Glasgow Climate Pack stirs reactions across the world

A compromise, a death-knell for coal power or a big failure to phase out fossil fuels – what leaders and industry think about the COP26 agreement?

Pathway to COP26 report

After almost two weeks of intense climate talks at COP26 in Glasgow, nearly 200 countries adopted the Glasgow Climate Pact on Saturday.

But how did the world leaders and industry react to the deal?

“I know you might be disappointed”

UN Chief Guterres acknowledged the COP26 outcome in a statement following the deal reached on Saturday evening. He said: “The COP26 is a compromise, reflecting the interests, contradictions and state of political will in the world today. It’s an important step but not enough.

“Our fragile planet is hanging by a thread, we are still knocking on the door of climate catastrophe.”

In a follow-up tweet, UN Secretary-General Antonio Guterres wrote: “My message to young people, indigenous communities, women leaders, all those leading on climate action: I know you might be disappointed, but we are in the fight of our lives and this fight must be won.

“Never give up, never retreat, keep pushing forward, I am with you.”

Glasgow sounded the death-knell for coal power 

In a press conference held yesterday Prime Minister Boris Johnson said that Glasgow sounded the death-knell for coal power: “At Glasgow, we’ve turned that dial down to around two degrees.

“That’s still far too high. But for all our disagreements the world is undeniably heading in the right direction.

“Even the most pessimistic commentator will tell you that that goal of restricting the growth of temperatures to 1.5°C is still alive.”

However, the Prime Minister added that his delight at COP26 progress is tinged with disappointment for these countries that abstained from the climate conference or were not ambitious enough on their commitments.

He said: “Sadly that’s the nature of diplomacy. We can lobby, we can cajole, we can encourage but we cannot force sovereign nations to do what they do not wish to do.”

Time for warm words is over

Reacting to the Glasgow Climate Pact, agreed on Saturday at COP26, Environmental Audit Committee Chairman, Rt Hon Philip Dunne MP, said: “The time for warm words and sentiment is over: we must make sure the Glasgow Climate Pact leads to lasting change. Every country must now review its domestic policies to keep emissions down and embed environmental improvement.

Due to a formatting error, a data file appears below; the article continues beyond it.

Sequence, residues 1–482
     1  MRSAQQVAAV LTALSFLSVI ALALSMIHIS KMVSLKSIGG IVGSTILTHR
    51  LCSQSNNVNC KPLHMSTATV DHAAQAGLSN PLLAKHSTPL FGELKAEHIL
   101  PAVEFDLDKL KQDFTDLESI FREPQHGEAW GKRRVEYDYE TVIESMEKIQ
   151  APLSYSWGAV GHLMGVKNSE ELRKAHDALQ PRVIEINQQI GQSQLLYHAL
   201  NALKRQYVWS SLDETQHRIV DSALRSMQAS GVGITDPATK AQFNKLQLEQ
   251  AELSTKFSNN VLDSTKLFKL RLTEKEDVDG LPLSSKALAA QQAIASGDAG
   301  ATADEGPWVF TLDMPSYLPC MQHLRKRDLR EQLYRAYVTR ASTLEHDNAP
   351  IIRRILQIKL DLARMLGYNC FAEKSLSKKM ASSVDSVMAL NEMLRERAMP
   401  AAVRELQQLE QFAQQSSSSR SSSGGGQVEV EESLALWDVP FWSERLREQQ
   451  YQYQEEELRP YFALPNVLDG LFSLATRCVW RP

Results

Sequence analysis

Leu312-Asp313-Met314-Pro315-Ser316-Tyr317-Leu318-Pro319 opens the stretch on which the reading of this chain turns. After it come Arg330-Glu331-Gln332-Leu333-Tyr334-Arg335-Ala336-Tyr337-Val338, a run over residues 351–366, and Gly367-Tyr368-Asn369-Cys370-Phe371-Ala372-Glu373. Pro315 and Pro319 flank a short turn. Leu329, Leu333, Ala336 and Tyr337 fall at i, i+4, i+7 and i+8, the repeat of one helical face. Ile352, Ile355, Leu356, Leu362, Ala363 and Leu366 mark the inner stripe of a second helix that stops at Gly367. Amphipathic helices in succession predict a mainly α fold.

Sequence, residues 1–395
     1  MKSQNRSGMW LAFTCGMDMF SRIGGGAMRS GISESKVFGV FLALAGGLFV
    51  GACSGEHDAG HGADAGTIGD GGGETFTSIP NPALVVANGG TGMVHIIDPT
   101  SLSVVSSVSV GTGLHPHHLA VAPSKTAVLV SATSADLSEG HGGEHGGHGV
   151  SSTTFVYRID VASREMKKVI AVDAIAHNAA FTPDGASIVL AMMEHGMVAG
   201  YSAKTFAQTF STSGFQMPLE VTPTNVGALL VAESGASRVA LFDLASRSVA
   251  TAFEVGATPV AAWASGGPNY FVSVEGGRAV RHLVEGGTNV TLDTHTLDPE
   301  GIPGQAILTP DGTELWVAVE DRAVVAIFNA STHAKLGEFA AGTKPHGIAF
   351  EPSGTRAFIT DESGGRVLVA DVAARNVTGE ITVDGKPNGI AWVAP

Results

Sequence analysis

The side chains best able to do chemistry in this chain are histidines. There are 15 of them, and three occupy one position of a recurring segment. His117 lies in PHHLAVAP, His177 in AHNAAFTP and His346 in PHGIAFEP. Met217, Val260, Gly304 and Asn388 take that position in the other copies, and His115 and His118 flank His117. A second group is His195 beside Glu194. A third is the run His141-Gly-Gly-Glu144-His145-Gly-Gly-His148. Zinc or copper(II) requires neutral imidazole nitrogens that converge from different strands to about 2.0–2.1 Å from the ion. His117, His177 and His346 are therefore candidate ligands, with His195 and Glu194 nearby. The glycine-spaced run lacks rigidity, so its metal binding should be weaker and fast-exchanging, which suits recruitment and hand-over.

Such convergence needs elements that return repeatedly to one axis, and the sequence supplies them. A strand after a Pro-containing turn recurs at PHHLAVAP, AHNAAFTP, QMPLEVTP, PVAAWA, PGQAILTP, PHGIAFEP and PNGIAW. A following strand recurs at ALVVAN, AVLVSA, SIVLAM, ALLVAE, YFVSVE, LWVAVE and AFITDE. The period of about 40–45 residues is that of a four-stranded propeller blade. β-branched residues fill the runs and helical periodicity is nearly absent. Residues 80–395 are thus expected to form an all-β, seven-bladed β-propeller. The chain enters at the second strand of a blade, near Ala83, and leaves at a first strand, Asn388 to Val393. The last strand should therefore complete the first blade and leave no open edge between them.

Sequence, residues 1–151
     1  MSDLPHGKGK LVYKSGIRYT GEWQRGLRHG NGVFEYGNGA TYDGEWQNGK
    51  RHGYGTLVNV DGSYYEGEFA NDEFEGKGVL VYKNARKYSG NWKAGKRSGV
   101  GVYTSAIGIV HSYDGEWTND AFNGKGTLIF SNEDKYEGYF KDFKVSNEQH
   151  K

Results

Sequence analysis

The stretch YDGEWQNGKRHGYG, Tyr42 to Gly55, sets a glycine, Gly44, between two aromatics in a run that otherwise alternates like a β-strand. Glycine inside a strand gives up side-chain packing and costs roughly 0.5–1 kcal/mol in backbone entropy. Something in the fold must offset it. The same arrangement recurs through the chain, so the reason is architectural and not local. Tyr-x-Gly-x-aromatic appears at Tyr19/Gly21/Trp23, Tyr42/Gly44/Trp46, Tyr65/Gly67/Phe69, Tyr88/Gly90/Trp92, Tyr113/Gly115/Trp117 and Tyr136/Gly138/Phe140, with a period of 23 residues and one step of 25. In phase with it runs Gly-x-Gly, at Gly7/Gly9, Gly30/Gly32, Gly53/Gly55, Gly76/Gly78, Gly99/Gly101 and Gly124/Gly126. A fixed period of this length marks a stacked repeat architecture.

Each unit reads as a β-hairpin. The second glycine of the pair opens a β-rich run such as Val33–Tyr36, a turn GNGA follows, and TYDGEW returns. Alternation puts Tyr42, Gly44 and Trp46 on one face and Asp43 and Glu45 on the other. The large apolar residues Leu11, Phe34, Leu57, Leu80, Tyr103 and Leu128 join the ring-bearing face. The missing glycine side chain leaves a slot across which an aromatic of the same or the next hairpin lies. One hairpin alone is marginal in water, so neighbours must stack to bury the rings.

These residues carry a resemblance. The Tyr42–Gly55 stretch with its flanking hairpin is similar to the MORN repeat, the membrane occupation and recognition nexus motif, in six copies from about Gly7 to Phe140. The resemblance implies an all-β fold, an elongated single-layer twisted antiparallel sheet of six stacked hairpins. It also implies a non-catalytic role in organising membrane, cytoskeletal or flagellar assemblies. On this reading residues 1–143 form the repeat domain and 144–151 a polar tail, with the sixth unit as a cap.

“The Glasgow Pact may be seen as a tipping point for governments around the globe to get real on the need to tackle climate change.”

The era of coal is ending

Jennifer Morgan, Executive Director of Greenpeace said: “The text is meek, it’s weak and the 1.5°C is only just alive, but a signal has been sent that the era of coal is ending.

“Glasgow was meant to deliver on firmly closing the gap to 1.5°C and that did not happen, but in 2022 nations will now have to come back with stronger targets.”

There is still a mountain to climb

Commenting on the agreement, RenewableUK‘s Chief Executive Officer Dan McGrail said: “It is clear that we still have a mountain to climb to limit global warming to 1.5°C. That’s why it is so important for countries to revisit and strengthen their plans to reduce emissions at next year’s COP in Egypt instead of waiting until 2025.

“We also need to see clearer road maps from each country on how they plan to reach net zero with more ambitious targets for rolling out the clean technologies which will do the heavy lifting on decarbonisation.”

The road to 1.5°C just got harder

Rachel Kennerley, a climate campaigner at Friends of the Earth, said: “The road to 1.5 just got harder when these talks should have cleared the way to make it a whole lot easier.

“The UK Government cunningly curated announcements throughout this fortnight so that it seemed rapid progress was being made. Here we are though and the Glasgow get-out clause means that leaders failed to phase out fossil fuels and the richest countries won’t pay historic climate debt.”

The real task begins now

For the Chief Executive and Co-Founder of the climate change think tank E3G Nick Mabey the real task begins now as every delegate has to deliver on their Glasgow promises after leaving COP26: “Leaders came to Glasgow with some real progress but also the realisation this was not enough to keep their citizens safe.

“By agreeing on this emergency package they have responded to rising climate damage with an action plan to keep 1.5°C within reach.”

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